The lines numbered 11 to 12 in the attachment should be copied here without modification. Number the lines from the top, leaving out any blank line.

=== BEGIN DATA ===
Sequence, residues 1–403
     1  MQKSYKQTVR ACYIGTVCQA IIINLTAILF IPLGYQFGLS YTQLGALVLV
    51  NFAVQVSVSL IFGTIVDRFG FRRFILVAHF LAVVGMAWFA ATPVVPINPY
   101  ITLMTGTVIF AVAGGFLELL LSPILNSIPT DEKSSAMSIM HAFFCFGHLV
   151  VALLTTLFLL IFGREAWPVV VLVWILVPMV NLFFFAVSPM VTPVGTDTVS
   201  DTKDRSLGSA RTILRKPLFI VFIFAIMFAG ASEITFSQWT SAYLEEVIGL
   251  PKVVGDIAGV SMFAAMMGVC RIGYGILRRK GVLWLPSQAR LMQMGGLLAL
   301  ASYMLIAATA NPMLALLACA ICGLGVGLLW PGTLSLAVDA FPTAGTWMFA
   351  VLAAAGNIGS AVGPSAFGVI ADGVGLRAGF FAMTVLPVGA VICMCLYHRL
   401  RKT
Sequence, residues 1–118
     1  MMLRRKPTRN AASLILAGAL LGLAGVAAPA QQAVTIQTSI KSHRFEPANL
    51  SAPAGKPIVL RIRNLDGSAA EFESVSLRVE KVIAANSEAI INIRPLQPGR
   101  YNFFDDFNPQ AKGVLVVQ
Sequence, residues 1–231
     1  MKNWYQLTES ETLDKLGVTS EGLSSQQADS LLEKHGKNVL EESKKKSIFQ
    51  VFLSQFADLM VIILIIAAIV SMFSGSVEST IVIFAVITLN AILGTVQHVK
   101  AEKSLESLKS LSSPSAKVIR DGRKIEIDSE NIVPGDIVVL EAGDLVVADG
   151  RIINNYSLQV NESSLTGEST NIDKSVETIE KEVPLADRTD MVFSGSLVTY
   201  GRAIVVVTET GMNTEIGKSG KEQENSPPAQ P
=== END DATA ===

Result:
Sequence, residues 1–118
     1  MMLRRKPTRN AASLILAGAL LGLAGVAAPA QQAVTIQTSI KSHRFEPANL